West Kelowna district council made a controversial decision Tuesday to take the next step toward allowing an expansion to Mission Hill Family Estate Winery.
The third reading for three proposed bylaw amendments, which will make it possible for the expansion to occur, passed with five members of council in favour, while Couns. Rosalind Neis and Bryden Winsby were opposed.
The expansion will add a hotel, restaurant, wellness centre, conference centre, art gallery, wine museum, guest cottages and microbrewery to Mission Hill’s property.
A public hearing was held on June 23, when 38 presentations were made.
Of those presentations, 71 per cent spoke against the proposed expansion.
Since then, the District of West Kelowna staff has received 64 letters, 78 per cent of which were not in favour of the expansion.
Although the public’s concerns covered a wide variety of topics, the biggest concern was traffic.
At the June 23 public hearing, lawyer Tom Smithwick told West Kelowna council: “I would say 90 per cent would support it if there was an alternate route.”
Two potential alternate access locations were reviewed. The first proposed was from Boucherie Road (directly up the face of Mount Boucherie). However, it was dismissed as both technically unfeasible and environmentally undesirable.
A second road location extending from East Boundary Road was considered, but the Westbank First Nation band council did not support the proposal due to their site-specific infrastructure/servicing needs.
But, even though an alternate route was not found, West Kelowna council decided that the winery expansion’s overall benefits outweighed the negatives.
“This development is very much in the interest of the well being of our whole community,” said West Kelowna Mayor Doug Findlater.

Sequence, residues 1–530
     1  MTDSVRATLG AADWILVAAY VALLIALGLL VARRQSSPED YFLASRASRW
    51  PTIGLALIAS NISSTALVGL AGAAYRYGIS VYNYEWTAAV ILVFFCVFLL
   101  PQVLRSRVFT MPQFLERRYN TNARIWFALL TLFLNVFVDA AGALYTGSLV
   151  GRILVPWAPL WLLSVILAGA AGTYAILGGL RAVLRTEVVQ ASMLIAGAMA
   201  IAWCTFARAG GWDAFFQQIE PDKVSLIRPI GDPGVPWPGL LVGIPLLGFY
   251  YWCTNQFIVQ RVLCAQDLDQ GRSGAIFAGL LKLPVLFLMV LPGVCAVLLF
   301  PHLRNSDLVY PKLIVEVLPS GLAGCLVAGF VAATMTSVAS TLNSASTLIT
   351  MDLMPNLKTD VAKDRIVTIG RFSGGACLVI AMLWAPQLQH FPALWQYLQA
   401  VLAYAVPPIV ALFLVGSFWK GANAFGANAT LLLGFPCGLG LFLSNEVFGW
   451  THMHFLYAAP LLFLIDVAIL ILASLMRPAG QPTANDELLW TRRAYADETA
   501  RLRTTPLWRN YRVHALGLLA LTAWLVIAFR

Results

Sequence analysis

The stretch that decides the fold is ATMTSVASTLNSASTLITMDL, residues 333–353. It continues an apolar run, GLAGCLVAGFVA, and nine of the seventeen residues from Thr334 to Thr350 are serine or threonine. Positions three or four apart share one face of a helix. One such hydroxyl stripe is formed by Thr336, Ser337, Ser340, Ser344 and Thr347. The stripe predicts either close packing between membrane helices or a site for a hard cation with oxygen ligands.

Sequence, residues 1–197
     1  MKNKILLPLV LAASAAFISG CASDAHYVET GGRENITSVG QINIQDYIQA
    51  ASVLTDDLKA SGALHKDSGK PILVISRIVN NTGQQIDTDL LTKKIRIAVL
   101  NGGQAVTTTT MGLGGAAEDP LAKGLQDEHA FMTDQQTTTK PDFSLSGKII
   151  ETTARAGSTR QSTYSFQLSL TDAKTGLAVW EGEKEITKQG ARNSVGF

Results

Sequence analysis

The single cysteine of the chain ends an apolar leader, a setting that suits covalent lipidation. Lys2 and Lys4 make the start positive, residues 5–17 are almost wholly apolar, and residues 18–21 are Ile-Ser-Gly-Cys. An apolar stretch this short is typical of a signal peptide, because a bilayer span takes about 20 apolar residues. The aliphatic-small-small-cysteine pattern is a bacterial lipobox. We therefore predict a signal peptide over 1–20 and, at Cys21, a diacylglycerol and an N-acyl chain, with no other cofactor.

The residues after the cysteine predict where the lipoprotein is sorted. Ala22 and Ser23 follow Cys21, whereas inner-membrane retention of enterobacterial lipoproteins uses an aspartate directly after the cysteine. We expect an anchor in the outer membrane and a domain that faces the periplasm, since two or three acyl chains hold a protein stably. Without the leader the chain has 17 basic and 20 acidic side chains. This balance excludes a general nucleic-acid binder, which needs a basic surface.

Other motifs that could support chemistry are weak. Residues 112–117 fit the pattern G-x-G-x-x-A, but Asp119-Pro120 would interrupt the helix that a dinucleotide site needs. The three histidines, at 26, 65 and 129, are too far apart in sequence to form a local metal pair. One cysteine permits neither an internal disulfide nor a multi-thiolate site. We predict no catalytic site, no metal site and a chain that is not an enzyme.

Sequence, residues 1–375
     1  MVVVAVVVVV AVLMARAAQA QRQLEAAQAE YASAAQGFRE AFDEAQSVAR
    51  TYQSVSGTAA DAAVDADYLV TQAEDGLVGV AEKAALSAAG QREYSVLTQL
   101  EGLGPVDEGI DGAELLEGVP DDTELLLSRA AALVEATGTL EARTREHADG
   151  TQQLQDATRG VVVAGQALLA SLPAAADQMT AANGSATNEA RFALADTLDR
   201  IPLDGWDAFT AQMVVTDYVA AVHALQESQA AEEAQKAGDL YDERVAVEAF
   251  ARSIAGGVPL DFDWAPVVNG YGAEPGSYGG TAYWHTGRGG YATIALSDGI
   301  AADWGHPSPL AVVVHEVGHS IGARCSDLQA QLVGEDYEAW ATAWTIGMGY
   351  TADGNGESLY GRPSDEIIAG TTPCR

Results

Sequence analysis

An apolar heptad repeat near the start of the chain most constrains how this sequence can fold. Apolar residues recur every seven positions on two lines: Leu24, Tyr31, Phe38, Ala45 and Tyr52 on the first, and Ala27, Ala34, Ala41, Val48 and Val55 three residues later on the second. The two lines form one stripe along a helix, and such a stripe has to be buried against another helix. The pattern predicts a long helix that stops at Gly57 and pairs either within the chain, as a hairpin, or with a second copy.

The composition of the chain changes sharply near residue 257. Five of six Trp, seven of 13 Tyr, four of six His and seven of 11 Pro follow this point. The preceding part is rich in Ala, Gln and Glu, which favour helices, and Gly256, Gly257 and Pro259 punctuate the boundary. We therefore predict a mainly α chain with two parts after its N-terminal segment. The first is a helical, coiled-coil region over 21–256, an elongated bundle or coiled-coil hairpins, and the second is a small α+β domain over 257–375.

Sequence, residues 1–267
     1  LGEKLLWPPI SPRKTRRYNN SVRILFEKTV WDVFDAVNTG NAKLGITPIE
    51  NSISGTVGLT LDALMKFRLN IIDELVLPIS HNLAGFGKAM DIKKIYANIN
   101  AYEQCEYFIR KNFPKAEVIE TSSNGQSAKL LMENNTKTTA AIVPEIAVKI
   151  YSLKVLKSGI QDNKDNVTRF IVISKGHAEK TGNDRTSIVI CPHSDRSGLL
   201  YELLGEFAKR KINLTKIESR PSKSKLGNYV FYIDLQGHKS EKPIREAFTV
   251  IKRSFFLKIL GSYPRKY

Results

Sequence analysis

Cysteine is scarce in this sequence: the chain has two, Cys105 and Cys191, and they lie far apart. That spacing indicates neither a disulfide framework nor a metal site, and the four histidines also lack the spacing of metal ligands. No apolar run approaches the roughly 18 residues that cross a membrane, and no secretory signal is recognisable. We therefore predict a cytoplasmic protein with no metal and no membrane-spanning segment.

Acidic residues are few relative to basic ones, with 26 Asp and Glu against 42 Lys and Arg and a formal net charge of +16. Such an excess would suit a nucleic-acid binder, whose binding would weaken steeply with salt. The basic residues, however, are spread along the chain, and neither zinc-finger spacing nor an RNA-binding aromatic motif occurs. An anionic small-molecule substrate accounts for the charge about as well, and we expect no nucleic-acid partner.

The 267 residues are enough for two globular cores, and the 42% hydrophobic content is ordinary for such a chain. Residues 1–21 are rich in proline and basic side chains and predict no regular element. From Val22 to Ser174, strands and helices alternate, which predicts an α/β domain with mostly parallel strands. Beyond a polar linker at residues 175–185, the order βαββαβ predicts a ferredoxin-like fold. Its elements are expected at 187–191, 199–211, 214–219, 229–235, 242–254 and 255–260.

“This is a difficult decision, but when you stand back and look at the proposal, it’s a high quality development, it is sustainable. It enhances our new municipality in so many ways overall.”
Coun. Duane Ophus’ comments mirrored those of the mayor.
“We have a duty to all of the citizens of the community. Most communities do their very best, and spend a lot of money, to try and attract a project like this,” Ophus said.
“We’ve been offered this project. We cannot turn our back on it at this point in time.”
Many councillors admitted the decision was difficult, but the estimated 400 jobs that the project will supply is too significant to ignore.
“I’m very reluctant because I see a lot of loose ends,” said Coun. Carol Zanon.
“But I think we have to send a signal to our business community and this is it.
“We definitely need to raise our tax base and we need jobs. The economy is not doing very well and there’s not going to be much growth in the next two to five years.”
Zanon assured council she will “be like a hawk” watching over the construction management plan and regulation enforcement.
Winsby and Neis said that there were too many problems with the proposal at this time, and because of that neither could support the expansion.
“I feel that this project is premature. I think it’s very inspired, but at the same time, I believe it’s going to add to problems that we’re going to have even more difficulty solving as time goes by,” said Winsby.
“There is a rush here. I understand that delays are expensive, but at the same time, I think we’re going to see increasing urban pressure on rural infrastructure.”
Winsby said he was also concerned about the traffic that would increase on Boucherie Road.
Although the road is not connected directly to the winery, Winsby noted it does connect to Mission Hill Road so it will inevitably see an increased traffic flow caused by the winery expansion.
Neis felt the expansion will significantly harm those who live in the Mission Hill neighbourhood.
“There’s nothing in this construction management program, that I can see, that will do anything to guarantee any of the requirements of the requests that the members of the public asked of us at the public hearing,” she said.
“There’s still work that has to be done with this.”